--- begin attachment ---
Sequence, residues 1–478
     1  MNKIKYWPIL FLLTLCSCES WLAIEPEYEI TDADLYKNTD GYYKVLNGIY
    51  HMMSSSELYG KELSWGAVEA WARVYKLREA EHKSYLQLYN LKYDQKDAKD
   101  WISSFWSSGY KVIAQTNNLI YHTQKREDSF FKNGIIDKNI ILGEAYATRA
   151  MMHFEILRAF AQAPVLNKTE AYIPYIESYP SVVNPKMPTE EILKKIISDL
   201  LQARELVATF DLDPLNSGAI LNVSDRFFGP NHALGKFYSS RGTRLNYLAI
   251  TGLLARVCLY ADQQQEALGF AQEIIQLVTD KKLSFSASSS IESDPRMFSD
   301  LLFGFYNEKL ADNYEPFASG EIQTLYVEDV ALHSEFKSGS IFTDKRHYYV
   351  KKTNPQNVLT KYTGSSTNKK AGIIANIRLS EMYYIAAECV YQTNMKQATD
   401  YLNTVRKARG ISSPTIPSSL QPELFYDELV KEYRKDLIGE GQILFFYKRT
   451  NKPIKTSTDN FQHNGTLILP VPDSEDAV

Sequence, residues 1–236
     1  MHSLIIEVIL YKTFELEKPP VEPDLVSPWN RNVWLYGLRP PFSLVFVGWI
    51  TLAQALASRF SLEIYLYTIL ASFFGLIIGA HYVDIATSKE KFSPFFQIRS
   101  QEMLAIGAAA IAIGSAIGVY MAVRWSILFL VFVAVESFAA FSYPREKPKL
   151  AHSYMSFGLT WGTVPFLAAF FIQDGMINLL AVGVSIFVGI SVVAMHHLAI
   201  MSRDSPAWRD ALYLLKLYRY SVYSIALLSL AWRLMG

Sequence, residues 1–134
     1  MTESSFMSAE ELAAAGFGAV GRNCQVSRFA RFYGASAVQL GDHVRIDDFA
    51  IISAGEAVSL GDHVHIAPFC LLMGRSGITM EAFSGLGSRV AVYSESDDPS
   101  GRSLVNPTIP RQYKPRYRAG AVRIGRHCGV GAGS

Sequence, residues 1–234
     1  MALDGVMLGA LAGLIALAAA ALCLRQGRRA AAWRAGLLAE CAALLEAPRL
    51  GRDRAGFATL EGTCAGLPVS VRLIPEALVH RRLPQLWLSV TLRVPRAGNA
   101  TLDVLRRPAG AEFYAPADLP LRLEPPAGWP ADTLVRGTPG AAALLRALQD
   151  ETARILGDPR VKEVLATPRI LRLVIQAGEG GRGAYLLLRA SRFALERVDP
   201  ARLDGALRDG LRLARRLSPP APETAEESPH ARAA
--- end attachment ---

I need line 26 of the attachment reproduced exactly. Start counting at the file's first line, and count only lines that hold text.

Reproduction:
   151  ETARILGDPR VKEVLATPRI LRLVIQAGEG GRGAYLLLRA SRFALERVDP